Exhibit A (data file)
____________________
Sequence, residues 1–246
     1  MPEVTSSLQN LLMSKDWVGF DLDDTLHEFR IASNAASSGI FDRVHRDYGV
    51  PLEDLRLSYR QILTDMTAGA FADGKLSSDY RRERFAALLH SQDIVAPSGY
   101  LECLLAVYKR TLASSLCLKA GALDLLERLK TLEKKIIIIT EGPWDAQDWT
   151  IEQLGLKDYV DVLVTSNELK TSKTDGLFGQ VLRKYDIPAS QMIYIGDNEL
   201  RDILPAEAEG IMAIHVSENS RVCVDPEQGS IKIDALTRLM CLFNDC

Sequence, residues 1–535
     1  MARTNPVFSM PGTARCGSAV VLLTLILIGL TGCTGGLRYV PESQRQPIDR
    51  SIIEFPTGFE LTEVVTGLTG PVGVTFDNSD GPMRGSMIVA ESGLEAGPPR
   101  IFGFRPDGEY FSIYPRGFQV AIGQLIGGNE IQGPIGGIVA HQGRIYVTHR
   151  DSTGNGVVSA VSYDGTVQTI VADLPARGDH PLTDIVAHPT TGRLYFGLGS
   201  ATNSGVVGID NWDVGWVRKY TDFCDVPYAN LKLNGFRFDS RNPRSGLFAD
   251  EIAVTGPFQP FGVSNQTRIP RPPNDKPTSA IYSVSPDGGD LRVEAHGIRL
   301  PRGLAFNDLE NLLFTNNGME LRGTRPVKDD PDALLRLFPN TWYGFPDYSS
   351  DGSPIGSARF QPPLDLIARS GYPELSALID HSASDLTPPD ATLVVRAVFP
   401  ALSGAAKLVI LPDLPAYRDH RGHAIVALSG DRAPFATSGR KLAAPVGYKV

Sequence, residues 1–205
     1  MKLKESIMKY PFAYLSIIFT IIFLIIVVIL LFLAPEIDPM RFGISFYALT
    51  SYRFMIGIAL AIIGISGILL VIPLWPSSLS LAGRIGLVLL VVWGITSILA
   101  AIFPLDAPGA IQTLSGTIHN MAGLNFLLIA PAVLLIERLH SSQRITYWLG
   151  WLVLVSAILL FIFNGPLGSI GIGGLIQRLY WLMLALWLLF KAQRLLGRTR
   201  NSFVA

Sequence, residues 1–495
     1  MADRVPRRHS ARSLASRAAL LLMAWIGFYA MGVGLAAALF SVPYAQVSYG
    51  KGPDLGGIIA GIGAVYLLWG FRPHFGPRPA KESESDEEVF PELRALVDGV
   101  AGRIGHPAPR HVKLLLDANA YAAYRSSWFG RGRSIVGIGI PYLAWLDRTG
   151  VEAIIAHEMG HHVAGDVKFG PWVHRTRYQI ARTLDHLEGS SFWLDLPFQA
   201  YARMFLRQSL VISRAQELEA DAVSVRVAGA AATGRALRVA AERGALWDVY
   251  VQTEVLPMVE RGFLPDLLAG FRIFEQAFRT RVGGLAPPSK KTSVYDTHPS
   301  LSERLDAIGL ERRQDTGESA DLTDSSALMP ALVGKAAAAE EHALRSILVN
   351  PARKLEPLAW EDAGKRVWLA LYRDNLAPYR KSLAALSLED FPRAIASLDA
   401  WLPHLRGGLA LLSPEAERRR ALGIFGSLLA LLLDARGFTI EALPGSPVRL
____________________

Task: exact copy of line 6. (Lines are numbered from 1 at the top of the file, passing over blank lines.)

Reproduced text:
   201  RDILPAEAEG IMAIHVSENS RVCVDPEQGS IKIDALTRLM CLFNDC